On Monday, Maddie the coonhound stood perched on the back of a thoroughbred horse in Mission Hill, South Dakota. On Sunday, she nestled in between a stack of tractor tires in West Point Nebraska. A day before, she was in nearby Kennard, standing comfortably with her legs on two railroad crossing lights.
Her owner, 28-year-old freelance photographer Theron Humphrey, said Maddie’s been doing this since the day he brought her home.
“She’s always had this natural ability to stand still,” Humphrey told the Daily Dot. “We’d be hanging out with friends, and instead of laying down, she’d stand still and not move. Over time, I started picking her up and putting her on top of things.”
Humphrey has spent the past four months photographing those balancing acts for Maddie On Things, a Tumblr-based gallery that Humphrey maintains while driving around the country piecing together This Wild Idea. That’s Humphrey’s Kickstarter-funded story-a-day project that documents the lives of everyday Americans around the country. In that time, the Tumblr has become quite successful, with some posts—like the one wherein Maddie is balanced on the horse’s back—racking up more than 5,600 notes.
The Tumblr has been so successful, in fact, that Chronicle Books has agreed to publish a collection of Humphrey’s photos in a book set for release in the spring of 2013. Wild news, considering that the Tumblr started as a side project of photos Humphrey took using the Instagram app on his iPhone 4.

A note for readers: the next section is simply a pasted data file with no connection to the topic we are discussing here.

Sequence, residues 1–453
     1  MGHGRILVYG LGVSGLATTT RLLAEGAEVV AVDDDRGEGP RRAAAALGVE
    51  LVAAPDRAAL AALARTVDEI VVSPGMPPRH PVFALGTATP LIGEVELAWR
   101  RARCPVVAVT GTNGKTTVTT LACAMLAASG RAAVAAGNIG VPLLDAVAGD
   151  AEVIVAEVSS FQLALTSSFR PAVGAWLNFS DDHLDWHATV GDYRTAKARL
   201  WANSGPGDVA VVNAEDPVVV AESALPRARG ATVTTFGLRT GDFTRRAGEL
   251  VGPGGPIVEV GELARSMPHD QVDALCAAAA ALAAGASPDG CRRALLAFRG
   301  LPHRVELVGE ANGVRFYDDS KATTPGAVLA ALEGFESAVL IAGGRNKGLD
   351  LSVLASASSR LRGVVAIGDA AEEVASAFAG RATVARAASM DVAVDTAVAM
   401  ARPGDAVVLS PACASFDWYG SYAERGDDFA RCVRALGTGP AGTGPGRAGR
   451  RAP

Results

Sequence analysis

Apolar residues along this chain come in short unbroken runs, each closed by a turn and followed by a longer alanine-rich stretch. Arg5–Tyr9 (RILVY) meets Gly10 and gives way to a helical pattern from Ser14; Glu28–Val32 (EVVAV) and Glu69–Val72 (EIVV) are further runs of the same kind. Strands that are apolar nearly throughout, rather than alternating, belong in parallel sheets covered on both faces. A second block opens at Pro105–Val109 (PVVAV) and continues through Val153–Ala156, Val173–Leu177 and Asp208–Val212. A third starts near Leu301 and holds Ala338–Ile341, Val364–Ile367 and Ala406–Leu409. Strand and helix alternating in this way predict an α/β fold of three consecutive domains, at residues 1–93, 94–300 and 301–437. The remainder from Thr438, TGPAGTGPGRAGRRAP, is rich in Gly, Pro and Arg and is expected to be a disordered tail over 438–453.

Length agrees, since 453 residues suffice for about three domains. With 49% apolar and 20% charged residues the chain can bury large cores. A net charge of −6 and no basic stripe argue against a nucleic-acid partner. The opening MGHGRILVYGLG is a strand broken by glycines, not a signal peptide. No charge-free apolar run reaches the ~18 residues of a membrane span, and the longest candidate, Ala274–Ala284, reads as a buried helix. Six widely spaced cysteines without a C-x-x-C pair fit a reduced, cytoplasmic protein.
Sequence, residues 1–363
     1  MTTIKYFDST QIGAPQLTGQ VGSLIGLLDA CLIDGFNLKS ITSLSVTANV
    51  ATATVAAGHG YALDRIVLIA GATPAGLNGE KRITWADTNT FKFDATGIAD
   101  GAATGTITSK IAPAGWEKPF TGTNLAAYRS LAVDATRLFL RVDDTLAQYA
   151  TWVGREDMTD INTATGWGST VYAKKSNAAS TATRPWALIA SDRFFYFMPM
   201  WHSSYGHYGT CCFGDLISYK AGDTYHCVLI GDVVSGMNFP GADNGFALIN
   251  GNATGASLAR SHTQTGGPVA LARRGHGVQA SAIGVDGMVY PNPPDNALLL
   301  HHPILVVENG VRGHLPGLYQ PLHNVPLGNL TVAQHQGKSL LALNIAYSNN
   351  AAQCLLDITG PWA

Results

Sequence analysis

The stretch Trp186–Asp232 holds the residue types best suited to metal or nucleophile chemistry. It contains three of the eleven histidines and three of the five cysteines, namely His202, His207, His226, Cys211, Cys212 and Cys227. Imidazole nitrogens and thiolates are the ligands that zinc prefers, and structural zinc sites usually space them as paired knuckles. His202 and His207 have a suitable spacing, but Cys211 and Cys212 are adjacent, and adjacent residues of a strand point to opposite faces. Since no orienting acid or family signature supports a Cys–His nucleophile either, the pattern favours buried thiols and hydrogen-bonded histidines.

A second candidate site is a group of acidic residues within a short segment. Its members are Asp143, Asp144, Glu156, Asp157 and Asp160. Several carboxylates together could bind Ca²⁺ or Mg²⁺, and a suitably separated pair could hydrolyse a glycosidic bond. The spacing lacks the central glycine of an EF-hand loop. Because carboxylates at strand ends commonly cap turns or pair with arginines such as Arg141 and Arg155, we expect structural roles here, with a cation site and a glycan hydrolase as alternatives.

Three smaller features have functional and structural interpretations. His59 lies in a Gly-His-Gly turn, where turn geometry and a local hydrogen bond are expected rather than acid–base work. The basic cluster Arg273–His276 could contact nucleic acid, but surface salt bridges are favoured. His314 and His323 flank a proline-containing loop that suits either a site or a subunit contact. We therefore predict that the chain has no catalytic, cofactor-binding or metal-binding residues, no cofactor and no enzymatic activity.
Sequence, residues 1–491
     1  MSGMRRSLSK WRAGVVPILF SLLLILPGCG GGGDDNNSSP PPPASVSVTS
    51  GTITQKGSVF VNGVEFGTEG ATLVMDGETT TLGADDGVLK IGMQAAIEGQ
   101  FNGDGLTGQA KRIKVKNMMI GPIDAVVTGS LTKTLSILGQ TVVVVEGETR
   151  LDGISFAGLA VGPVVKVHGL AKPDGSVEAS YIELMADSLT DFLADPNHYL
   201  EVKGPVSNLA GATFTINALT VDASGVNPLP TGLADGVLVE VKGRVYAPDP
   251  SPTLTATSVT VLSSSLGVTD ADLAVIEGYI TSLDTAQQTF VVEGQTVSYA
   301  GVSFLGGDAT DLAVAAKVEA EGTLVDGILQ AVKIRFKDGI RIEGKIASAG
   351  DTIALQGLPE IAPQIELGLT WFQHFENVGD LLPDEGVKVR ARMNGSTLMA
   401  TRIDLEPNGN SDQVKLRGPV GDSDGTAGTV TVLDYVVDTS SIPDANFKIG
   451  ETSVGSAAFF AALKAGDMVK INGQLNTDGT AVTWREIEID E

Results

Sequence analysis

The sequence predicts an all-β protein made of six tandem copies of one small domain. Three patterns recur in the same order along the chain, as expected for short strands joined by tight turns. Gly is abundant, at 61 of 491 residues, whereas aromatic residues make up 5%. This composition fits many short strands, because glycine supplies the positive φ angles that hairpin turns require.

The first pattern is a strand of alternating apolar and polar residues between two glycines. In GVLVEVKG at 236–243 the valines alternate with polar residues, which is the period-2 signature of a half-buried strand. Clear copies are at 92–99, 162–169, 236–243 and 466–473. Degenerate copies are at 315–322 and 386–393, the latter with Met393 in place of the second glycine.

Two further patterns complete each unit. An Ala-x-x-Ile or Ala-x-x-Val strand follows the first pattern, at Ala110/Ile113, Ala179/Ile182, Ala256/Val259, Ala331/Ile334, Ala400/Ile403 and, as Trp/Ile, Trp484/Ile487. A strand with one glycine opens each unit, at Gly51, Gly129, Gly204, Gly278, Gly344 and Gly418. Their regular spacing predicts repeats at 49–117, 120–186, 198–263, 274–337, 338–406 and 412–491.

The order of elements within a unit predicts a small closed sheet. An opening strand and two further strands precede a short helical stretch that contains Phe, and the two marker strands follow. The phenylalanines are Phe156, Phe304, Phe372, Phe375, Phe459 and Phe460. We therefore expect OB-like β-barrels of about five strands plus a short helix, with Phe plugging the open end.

“It’s usually the lighting or composition or just putting Maddie up on a good object,” Humphrey said when asked what makes for a proper Maddie On Things shot. “Today, I put her up in a tree, and the tree was just cupped in the right way so that she could sit up there. The background wasn’t very distracting, so it all came together.”
It also helps that Maddie’s blessed with this innate ability to balance herself in some awfully precarious situations. Whether perched on a fire hydrant, standing atop two electrical boxes, or going paws up on four different cans of beans, Maddie has proven that no surface—be it flat as a board or round as a wheel—is beyond the realm of possibility. Humphrey says that such talents are commonplace when it comes to coonhounds.
“Those dogs are actually natural climbers,” said Humphrey. “Hunters use them to hunt mountain lions, and they’re a fearless breed of dogs. So it’s not out of character for her to find herself in these unconventional positions.”